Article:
Animal Care

f you would like to mount an animal, there are a number of tasks you should do quickly as well as some things you should avoid doing to ensure the carcass is protected. Following these guidelines will assure you of a successful mount.

  • For most animals, a shot to the head or neck will make mounting impossible. These shots permanently damage an animal’s cape.
  • If you have not shot the animal in the head or neck and wish to have it displayed, avoid slitting its throat to bleed it out. While many suggest this, the blood can actually ruin the animal’s fur and make it impossible for you to mount it.
  • After killing your prospective trophy mount, you should take as many pictures of it as you can, ensuring that you document it from multiple angles. In addition, you should take as many measurements as possible. Doing this will help a taxidermist create a more lifelike and accurate approximation of your animal.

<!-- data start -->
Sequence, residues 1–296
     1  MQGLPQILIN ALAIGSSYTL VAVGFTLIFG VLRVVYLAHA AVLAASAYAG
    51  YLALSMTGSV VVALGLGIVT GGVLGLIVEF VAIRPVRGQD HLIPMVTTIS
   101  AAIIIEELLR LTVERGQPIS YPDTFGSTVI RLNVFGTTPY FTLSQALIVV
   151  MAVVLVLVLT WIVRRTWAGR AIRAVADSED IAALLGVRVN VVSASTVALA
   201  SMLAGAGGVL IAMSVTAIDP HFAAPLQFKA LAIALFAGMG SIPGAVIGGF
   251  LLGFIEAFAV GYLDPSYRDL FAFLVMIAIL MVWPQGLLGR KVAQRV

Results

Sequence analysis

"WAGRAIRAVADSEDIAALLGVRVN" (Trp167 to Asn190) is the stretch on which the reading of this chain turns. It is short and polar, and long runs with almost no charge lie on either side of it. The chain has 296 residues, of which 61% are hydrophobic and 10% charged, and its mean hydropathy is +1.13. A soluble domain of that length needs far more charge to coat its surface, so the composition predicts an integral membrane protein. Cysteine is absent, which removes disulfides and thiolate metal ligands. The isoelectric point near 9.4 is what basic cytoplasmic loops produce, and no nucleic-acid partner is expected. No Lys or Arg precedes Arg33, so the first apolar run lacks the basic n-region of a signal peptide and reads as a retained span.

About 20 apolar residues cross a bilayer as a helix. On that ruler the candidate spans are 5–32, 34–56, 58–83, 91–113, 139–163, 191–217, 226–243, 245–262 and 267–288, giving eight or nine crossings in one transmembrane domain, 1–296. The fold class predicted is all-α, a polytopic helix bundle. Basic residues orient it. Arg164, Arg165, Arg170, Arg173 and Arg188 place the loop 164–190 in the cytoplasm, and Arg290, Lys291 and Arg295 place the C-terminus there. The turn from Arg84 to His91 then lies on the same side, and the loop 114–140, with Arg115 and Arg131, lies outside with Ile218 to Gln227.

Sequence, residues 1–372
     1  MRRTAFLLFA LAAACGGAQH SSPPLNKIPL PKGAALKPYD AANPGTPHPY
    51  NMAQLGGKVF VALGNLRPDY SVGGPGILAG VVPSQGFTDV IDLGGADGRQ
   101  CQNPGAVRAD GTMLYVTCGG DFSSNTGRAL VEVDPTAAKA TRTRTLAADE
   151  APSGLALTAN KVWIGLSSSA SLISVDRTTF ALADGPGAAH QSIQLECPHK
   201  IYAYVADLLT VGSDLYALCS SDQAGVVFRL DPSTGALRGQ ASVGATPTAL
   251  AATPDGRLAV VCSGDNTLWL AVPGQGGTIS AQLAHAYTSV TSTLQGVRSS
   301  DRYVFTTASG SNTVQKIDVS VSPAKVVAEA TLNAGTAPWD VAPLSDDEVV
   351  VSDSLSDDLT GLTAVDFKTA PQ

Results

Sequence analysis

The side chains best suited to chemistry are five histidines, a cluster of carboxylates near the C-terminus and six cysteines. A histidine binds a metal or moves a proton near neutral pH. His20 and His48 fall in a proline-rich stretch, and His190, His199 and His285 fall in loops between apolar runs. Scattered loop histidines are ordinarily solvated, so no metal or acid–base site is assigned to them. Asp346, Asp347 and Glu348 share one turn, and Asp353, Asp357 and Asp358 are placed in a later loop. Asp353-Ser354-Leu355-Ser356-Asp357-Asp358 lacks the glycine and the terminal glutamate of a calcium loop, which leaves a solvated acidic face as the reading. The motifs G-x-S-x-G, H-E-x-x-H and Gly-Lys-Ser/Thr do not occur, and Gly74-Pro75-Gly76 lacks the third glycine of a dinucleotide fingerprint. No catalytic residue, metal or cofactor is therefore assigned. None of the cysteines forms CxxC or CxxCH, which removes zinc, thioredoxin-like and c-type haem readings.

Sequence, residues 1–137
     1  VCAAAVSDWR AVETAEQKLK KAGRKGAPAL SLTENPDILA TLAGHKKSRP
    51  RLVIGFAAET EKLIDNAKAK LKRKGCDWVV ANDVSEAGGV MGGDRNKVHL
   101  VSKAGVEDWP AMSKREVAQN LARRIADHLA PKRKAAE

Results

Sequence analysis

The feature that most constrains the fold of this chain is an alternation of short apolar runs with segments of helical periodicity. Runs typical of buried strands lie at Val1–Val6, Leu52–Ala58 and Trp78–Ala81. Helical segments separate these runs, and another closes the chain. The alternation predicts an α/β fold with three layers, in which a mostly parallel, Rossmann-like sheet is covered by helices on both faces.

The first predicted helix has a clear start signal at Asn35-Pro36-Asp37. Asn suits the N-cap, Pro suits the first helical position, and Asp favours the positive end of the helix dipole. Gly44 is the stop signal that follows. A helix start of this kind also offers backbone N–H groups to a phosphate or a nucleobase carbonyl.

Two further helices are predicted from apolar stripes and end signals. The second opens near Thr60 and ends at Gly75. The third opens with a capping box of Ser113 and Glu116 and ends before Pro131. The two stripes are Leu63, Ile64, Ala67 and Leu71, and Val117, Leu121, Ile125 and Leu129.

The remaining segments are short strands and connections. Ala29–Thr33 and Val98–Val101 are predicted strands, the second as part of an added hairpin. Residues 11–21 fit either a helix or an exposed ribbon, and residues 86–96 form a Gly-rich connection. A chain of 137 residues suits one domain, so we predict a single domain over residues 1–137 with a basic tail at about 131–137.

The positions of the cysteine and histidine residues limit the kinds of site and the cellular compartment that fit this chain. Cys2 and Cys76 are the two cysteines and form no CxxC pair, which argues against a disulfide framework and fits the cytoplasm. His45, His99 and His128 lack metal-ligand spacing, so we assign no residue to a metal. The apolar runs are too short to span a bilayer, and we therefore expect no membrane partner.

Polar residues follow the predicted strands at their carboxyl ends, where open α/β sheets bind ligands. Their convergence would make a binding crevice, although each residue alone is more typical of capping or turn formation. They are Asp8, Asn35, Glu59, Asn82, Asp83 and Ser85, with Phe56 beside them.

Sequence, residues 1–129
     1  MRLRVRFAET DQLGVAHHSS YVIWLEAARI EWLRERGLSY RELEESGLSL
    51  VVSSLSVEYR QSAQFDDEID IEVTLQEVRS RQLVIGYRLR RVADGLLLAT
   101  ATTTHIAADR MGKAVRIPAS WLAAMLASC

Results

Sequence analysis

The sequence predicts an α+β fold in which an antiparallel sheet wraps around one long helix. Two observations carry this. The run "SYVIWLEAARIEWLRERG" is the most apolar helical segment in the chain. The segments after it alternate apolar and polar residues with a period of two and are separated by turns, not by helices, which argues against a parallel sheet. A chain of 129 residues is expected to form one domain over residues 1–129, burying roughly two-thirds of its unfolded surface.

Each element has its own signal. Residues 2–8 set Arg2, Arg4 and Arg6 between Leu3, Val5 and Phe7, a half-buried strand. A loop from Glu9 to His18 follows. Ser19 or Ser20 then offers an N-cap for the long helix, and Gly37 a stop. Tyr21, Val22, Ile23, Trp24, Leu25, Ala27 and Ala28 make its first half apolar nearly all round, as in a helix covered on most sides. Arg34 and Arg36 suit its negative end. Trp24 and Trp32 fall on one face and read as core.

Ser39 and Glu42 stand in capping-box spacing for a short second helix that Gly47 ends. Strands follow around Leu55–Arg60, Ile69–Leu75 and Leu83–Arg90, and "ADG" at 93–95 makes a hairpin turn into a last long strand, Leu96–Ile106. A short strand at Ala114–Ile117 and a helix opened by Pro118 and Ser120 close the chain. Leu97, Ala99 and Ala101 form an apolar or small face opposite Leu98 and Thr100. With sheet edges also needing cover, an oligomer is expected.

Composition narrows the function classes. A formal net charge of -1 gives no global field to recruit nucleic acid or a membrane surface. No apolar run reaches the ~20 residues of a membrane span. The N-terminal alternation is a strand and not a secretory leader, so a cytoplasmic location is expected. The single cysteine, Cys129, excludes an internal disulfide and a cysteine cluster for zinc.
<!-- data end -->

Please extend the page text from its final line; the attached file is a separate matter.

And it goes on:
• After measuring your animal, avoid dragging it back to your home or vehicle. The ropes commonly used to drag animals easily damage an animal’s delicate fur and skin, so that mounting is no longer possible. If, however, you have no other way of transporting your animal, you should place it on a tarp or old blanket and use these to drag it along the ground.
  • When handling your animal, use extreme caution when touching its carcass. By using rubber or latex gloves while handling the animal’s carcass and thoroughly washing your hands with soap and water afterward, you will be able to protect yourself from many of the diseases naturally carried by wild animals.
  • You should try to take any animal you want to be mounted to a taxidermist, as soon as possible. If you cannot reach a taxidermist quickly, you should properly field dress and skin it and then roll the hide up (being careful to cover the nose and face of the animal) and put it into a freezer until you can transport it to the taxidermist.